I leased farmland for five years before buying property. Renting gave me access to land I could not afford otherwise. It allowed me to grow my operation slowly, learning from mistakes along the way. A lower lease payment freed up cash to invest in livestock and equipment. Over five years I built a solid customer base and good relationships with local businesses and lenders that supported me when it came time to buy a farm.
How to buy a farm offered tips to successfully finance a farm. How to buy a farm II proposes alternatives ways young farmers can access land, and tells how formal agreements benefit both farmers and landowners.
Consider other options
Farm real estate, pasture and crop land prices hit an all-time high in 2015 according to a report on farmland values by the USDA National Statistics Service. Here in the Corn Belt farmers saw some of the highest prices per acre in the entire U.S.
Finding affordable land is a significant challenge for young farmers and ranchers with lean start-up budgets. Other options to access farmland may provide a solution. Short and long-term leases, cooperative ownership or partnerships, crop sharing, and rent-to-own agreements are alternatives to buying a farm outright.
Farm link programs connect beginning farmers and land seekers with retiring farmers and landowners. Young farmers can use land link programs to scout property and potential partnerships.
Five land links that serve Ohio:
- Farm Service Agency (FSA) Transition Incentives Program
- Countryside Conservancy Farm Link Program
- The Midwest Organic and Sustainable Education Service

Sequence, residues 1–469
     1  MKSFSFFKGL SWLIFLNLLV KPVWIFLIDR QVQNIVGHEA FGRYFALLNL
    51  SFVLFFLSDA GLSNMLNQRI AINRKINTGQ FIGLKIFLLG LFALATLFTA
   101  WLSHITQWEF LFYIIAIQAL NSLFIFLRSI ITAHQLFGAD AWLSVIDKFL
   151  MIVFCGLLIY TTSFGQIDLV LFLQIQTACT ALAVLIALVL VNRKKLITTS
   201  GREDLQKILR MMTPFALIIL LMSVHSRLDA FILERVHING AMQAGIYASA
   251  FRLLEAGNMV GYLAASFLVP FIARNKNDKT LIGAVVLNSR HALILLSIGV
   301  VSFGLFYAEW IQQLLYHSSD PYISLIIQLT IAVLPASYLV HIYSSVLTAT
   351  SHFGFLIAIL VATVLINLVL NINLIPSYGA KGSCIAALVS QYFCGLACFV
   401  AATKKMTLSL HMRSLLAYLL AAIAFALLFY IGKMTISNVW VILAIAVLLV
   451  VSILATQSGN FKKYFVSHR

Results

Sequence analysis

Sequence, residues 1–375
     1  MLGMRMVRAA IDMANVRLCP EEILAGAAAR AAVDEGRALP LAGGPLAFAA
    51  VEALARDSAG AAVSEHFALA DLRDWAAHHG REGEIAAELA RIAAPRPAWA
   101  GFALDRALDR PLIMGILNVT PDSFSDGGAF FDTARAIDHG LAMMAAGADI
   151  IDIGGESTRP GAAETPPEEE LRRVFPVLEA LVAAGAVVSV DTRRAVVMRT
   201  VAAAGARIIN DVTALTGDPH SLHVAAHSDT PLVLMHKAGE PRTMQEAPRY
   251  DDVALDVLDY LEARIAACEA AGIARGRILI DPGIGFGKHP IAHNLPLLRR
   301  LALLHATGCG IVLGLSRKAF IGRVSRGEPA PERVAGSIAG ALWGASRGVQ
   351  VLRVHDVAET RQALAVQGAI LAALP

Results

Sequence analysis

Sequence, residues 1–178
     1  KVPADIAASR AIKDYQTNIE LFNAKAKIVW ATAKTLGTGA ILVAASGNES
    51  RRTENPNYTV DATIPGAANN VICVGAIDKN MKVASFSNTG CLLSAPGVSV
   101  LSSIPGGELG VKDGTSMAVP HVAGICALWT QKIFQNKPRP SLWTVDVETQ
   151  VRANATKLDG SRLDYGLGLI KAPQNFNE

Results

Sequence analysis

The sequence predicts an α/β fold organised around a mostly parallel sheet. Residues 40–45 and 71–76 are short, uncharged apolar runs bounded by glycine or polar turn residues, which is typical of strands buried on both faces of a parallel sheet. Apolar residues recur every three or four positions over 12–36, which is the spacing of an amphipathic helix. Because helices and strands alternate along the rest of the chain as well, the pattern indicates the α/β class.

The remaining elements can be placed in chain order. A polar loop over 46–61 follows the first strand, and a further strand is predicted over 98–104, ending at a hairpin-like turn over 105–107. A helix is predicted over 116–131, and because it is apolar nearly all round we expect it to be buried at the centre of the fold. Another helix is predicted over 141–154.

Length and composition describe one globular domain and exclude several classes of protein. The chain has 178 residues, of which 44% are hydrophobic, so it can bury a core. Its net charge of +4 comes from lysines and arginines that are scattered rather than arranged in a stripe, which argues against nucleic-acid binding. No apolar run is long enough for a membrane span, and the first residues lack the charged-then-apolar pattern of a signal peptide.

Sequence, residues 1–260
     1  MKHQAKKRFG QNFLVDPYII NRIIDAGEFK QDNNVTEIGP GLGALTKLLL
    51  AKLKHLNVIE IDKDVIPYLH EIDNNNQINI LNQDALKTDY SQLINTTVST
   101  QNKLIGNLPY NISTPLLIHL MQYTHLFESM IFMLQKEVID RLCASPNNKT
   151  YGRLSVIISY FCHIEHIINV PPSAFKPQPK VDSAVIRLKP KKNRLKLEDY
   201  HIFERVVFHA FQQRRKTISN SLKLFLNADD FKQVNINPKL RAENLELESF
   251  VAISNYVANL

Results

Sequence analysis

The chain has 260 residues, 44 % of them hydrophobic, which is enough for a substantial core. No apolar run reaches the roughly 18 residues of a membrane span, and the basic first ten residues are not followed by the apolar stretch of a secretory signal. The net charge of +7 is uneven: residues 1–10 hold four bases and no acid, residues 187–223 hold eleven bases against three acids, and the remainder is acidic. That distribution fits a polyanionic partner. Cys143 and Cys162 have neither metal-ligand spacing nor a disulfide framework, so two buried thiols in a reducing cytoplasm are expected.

- The Farm Beginnings program of the Land Stewardship Project
- OSU Extension office. Though Extension does not have a formal land link program, county extension agents work closely with local farmers from start-up to succession planning and can connect beginning farmers with retiring farmers in your county.
Put it on paper
Whether you lease land or buildings, rent-to-own, or promise to purchase land at a future date, a formal agreement between landowner and farmer is critical to protect both parties. I learned a hard lesson on handshake deals, sinking blood, sweat, tears, time and money into good faith agreements that did not pan out.
It may feel uncomfortable to ask a landowner to sign a formal agreement when you have a friendly relationship with him or her. It may help to explain the document will serve as a reference to remind both parties of the terms of the agreement. Often the landowner respects the young farmer’s dedication and appreciates that a formal agreement reduces risk.
Ag Lease 101 provides free templates. All stakeholders and their spouses should sign the agreement to ensure everyone is on the same page. Depending on the timeline, scale and scope of the agreement, it may be necessary to involve an attorney well-versed in agricultural law to draft or review a contract.
- “Land Values 2016 Summary.” (August 2016). USDA National Agricultural Statistic Service. Report ISSN: 1949-1867.